Q. In any event, the Jews never saw a penny of their money again. Isn't that right?

A. That is regrettable, but not my fault.

Q. That is to say that when Streckenbach recommended you, and stated that through your activity in the matter of emigration you secured large sums for the German Reich, he was right?

A. No, that was not correct. Streckenbach was, at that time, Chief of Personnel and had no idea that these matters were arranged through experts in administrative law, through an order by the Reich Commissioner for the Reunification, and not through me.

Q. Every Jew who emigrated from Austria enriched the German Reich, isn't that correct?

A. In the final analysis, as viewed today in retrospect, yes.

Q. And the more you enhanced Jewish emigration, the more you enriched the German Reich?

A. There was nothing for me to enrich, since I acted upon orders, and besides, emigration was the only way, among many unpleasant possibilities and, surely, among these unpleasant things it was comparatively the best way.

Q. Do you agree that by having forced the Jews to emigrate, you enriched the Reich with their property.

Presiding Judge: Mr. Hausner, I think this already represents a conclusion.

Attorney General: I want to hear that from him.

Accused: May I hear the question once more? If you please, I heard it only in parts.

Q. Do you agree that by having forced the Jews to emigrate, you enriched the Reich with their property?

A. When I think about it objectively, I must admit that I did so, not with my will, but surely one would blame me today if I had slowed down matters at that time, from the aspect of the emigration technique. Personally, I regret that I did not expedite matters even more. If I had done so, the result could have been different.

Q. Accused, when you were in charge of this, it was not yet a matter of physical extermination, and therefore you did not know that you were saving them from physical extermination, is that correct?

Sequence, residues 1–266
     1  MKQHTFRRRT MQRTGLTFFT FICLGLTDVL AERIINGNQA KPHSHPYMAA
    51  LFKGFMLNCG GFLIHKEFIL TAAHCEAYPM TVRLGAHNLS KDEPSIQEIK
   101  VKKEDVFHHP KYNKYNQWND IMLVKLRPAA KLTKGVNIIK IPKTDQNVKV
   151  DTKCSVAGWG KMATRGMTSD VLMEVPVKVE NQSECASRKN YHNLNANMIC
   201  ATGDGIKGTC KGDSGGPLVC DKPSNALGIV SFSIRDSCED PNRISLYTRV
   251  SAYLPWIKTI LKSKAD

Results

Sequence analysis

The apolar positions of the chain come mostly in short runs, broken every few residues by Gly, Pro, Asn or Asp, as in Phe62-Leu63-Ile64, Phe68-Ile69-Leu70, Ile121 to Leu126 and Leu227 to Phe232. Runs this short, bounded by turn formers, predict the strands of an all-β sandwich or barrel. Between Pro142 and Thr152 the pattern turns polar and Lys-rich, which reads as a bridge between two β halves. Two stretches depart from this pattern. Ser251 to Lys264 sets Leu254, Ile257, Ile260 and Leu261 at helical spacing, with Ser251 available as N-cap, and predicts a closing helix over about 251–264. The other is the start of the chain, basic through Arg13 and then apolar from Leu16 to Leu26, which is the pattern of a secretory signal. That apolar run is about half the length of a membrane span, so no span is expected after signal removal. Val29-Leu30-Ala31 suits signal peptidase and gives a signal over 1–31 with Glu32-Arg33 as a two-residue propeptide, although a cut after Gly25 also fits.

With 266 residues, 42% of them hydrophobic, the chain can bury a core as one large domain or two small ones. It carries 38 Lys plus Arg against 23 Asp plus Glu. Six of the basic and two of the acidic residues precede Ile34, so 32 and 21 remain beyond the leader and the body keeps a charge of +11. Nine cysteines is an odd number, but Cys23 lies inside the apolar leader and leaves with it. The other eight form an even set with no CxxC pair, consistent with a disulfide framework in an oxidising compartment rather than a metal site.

A. That is correct, but today I am standing here in Israel before an Israeli court, and that reproach could be levelled against me.

Q. I want to place you now in the context of your activity in Austria in 1938-1939. At that time you did not think that there was the danger of physical extermination, correct?

A. Certainly, no one thought of physical extermination at that time, but I listened to the complaints and the constant pleas and the constant requests for support on the part of Jewish representatives who were in a very difficult situation because of their being excluded from various spheres of life and that, in turn, was caused by legislation. I tried to help these Jewish representatives, and together we planned and considered the situation.

Q. And only in order to help these Jewish representatives you did, of course, what you did?

A. No, I have already said this: it was on a mutual basis.

Q. Your superior, Heydrich, boasted quite a bit about your activity in Austria, in that famous discussion before Goering imposed a compulsory levy of one billion Marks. Do you remember the transcript of that meeting?

A. I have read it here, yes.

Q. And he considered your activity very important for Germany.

A. Yes. Here, too, I thought about the matter quite a lot. It fits Heydrich's character completely; he was egoistic, and was anxious to play a role in political life. Here, possibly - I speculate - he may have somehow seen a task which could advance him in political life. These were my guesses when I tried to construct a total picture, after viewing all these numerous documents placed at my disposal here.

Q. Let us leave the guesswork, and stick to the facts. Is is correct that Heydrich saw your activity in Vienna as an example for activity all over the German Reich?